The federal government's Medical Research Future Fund is investing $40 million in the creation of Australia's first national biotechnology incubator.
The incubator, which will be run by the Brandon Capital-managed Medical Research Commercialisation Fund (MRCF), has been established to provide a bridge in the translation of promising research into new therapies.
The funding will be used to create a piece of national infrastructure that further supports life science researchers to commercialise their ideas.
The incubator program aims to provide funding to 20-25 Australian companies developing preclinical biomedical assets during the three-year funding period. Individual projects are eligible for up to $1 million in funding. It will also provide up to $1.5 million, matched with $1.5 million from the MRCF, in funding to support 10-12 Australian companies in the development of their clinical-stage products.
“The Australian biotech incubator provides a game-changing prospect for more of our world-class medical research to be commercialised. This expansion of risk capital and expertise is key to progressing many more of our lab discoveries into clinical studies and ultimately into life-saving new therapies globally,” said pioneer venture capitalist and the chair of the MRCF, Bill Ferris AC.
“Over the last decade, we have seen a gradual increase in the availability of capital to support the development and translation of Australian biomedical discoveries. However, the reality is that gaps, or even chasms, still remain. One of these is the capital required to bridge the gap between where research grant funding finishes, and before a technology is at a stage that it can attract its first seed investment,” said Dr Chris Nave, CEO and co-founder of the MRCF.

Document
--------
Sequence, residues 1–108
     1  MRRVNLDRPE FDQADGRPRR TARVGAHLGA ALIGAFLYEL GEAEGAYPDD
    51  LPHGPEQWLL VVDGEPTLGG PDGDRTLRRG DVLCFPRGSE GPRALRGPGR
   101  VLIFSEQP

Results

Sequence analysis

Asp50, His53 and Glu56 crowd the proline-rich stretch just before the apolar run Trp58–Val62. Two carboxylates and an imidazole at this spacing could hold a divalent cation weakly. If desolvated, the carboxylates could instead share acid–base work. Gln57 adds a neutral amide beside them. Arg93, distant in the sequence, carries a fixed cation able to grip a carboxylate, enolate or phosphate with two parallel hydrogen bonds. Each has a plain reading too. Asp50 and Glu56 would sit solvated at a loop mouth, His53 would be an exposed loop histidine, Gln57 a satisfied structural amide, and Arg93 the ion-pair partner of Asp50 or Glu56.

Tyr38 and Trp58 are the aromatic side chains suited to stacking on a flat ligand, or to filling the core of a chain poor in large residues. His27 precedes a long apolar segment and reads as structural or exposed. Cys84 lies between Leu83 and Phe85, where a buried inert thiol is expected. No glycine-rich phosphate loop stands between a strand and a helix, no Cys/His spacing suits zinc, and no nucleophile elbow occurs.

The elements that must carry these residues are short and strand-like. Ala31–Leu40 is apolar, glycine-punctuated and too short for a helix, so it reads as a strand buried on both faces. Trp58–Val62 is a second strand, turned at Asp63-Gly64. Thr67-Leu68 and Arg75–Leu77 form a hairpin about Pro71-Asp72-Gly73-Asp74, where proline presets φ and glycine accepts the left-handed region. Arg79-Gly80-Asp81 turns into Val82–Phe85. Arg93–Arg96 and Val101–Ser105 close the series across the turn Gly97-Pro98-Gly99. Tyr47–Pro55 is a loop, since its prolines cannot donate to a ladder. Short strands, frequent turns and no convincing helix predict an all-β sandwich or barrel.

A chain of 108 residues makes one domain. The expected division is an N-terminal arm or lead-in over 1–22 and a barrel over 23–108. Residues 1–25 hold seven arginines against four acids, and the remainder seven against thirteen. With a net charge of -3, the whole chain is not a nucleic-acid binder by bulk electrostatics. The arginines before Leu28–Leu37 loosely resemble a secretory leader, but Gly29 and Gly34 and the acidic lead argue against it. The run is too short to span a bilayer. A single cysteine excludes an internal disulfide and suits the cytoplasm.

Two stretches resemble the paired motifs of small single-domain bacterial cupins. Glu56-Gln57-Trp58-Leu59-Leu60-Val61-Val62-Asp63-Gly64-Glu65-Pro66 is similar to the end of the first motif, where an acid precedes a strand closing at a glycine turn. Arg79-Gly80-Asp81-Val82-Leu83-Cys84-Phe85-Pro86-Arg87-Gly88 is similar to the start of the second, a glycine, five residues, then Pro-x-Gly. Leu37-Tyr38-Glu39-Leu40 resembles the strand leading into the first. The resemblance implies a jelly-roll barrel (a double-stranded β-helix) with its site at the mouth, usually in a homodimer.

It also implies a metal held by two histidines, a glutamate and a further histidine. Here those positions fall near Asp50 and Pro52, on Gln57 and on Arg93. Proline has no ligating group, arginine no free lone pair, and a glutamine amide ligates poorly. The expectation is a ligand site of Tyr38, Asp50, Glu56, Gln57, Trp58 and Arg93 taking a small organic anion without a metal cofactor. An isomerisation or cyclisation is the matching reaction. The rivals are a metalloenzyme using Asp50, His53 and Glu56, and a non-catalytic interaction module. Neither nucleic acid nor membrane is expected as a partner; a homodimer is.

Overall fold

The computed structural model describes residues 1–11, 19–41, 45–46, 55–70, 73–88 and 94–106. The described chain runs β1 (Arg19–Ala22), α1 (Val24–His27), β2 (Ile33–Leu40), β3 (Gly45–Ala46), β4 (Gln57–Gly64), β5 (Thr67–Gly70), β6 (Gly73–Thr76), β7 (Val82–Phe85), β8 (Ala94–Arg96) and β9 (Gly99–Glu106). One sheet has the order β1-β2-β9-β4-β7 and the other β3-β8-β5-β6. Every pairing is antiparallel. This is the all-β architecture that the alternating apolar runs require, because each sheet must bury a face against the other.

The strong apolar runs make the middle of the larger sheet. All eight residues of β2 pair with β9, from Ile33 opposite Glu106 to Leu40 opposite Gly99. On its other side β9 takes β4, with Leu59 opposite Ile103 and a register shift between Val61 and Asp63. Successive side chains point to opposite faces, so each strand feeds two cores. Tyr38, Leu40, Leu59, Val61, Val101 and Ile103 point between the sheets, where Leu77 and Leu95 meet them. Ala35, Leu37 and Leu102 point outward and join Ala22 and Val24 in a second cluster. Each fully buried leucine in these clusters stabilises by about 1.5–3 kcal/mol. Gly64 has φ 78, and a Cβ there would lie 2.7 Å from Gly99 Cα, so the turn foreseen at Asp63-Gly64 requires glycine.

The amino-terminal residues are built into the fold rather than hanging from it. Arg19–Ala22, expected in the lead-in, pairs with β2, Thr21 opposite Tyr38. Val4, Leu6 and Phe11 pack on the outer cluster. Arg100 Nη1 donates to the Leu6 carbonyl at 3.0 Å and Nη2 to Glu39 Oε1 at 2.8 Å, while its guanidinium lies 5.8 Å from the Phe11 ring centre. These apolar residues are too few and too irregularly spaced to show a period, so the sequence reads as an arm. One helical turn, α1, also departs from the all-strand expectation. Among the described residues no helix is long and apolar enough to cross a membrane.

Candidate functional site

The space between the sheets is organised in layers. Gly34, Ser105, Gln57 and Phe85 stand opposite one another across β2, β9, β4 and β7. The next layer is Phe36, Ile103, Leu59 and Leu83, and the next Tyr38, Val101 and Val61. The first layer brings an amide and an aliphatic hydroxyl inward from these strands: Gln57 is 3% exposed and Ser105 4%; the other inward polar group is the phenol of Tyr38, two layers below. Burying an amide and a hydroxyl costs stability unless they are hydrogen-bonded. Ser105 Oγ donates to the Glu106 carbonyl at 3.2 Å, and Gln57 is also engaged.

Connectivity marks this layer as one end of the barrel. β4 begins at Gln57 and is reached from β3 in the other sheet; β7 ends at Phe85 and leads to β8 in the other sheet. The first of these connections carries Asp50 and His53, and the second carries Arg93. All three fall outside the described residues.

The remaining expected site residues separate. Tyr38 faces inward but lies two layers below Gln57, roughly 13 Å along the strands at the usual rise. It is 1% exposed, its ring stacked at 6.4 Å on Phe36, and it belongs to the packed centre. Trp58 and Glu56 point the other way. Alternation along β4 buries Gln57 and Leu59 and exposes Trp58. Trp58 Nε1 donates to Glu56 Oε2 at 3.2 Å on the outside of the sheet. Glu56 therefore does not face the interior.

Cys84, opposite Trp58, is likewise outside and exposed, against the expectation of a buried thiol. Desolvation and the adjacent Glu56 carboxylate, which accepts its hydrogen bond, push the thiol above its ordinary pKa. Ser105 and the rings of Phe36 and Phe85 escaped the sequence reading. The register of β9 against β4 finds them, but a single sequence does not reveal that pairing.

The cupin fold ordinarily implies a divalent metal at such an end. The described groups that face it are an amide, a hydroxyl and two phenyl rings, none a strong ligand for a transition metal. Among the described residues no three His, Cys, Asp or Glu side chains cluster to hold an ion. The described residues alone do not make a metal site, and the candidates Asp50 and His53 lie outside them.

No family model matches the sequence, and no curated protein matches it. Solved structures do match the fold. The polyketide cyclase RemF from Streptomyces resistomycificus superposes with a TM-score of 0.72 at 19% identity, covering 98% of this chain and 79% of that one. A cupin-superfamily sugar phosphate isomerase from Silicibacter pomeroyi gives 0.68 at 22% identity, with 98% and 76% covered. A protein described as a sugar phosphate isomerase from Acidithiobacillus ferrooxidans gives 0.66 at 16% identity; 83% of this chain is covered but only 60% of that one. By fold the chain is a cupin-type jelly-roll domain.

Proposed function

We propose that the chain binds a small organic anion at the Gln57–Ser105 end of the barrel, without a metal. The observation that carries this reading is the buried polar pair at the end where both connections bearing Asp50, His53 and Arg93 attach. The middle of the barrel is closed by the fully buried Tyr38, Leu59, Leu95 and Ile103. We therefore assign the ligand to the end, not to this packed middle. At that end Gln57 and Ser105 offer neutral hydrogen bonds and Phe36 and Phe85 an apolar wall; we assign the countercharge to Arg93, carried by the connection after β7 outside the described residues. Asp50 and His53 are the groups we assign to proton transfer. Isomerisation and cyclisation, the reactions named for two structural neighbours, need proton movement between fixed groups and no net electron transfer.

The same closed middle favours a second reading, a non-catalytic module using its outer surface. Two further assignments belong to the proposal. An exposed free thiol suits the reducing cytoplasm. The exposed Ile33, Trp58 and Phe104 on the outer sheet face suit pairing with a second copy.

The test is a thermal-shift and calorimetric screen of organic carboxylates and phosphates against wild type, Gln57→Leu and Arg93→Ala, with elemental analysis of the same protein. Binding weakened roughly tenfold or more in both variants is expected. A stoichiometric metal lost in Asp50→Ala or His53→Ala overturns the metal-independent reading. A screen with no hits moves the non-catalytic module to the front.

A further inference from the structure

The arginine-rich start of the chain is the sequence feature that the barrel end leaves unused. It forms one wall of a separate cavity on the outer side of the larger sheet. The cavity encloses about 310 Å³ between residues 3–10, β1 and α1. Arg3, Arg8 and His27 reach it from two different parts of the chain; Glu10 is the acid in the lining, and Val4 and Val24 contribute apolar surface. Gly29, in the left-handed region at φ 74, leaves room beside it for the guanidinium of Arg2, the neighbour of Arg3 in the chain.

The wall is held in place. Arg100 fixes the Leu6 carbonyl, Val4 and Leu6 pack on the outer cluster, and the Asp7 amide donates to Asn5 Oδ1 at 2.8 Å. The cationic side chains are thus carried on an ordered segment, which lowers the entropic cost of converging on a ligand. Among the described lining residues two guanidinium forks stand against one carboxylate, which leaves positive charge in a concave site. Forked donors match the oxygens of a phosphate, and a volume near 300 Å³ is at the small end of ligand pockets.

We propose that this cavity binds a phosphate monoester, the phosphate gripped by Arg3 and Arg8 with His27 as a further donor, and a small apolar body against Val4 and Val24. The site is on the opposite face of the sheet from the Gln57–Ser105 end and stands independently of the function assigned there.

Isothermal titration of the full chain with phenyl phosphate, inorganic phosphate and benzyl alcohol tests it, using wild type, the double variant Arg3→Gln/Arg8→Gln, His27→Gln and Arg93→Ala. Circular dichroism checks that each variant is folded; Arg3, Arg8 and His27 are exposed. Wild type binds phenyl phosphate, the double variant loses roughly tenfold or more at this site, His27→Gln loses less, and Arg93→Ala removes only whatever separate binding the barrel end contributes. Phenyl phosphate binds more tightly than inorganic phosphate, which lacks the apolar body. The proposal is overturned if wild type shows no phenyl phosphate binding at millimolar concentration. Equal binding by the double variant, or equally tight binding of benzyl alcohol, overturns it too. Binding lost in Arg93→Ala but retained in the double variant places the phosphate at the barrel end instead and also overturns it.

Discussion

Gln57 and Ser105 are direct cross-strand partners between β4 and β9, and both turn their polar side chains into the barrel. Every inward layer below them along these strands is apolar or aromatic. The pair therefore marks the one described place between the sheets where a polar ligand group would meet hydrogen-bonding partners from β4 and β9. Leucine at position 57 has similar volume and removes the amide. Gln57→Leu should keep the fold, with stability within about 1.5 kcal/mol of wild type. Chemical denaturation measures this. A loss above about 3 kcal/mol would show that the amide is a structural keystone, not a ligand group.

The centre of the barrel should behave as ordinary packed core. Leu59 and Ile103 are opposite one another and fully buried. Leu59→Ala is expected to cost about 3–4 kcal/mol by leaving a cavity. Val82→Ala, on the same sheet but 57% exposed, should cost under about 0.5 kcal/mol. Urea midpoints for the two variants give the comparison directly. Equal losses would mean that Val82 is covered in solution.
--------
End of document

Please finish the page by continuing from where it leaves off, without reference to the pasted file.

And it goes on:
“This new incubator has been designed to directly address this problem and we believe it can make a real difference. The other significant gap, is the lack of capital for late-stage clinical development and commercialisation, but that is another problem that we are working toward solving.”
The MRCF will use the $40 million to develop two streams of activity over the next three years. Any Australian small to medium enterprise, life science researcher at an Australian university or research institute, is eligible to apply for funding.
The first stream of $20 million will identify promising preclinical biomedical technologies, providing funding and expertise to guide the development of assets through to the point that they are ready for seed investment.
The second stream of $20 million will provide capital to support the clinical development of novel therapies to treat disease. Opportunities that successfully receive funding through this stream, will also benefit from matching capital from the MRCF.
“The funding will see an increase in the translation of our greatest discoveries from the laboratory bench to the bedside,” continued Mr Ferris. “It will ensure Australians have access to the latest health treatments and will ultimately lead to more jobs, income, exports, infrastructure and manufacturing for the sector.”
Companies that successfully go through the incubator program can also have access to follow on investment from the MRCF’s $700 million life sciences fund.
“It is hugely competitive for small biotech companies looking to receive their first investment,” said Dr Nave. “Up to 96 per cent of applications seeking funding from the MRCF are declined due to being too early in development or lacking key supporting data. Yet many of these research discoveries have significant potential and this new incubator provides a mechanism for researchers to get their research innovations to a point where they are attractive to investors and partners.”
“We have world-class researchers in Australia who have the capabilities and infrastructure to advance and create therapies with the potential to have an enormous impact on some of the world’s largest health concerns,” he said.
“Overall, the incubator will create jobs, manufacturing opportunities and will nurture and develop world-class talent and research teams in the Australian biomedical industry.”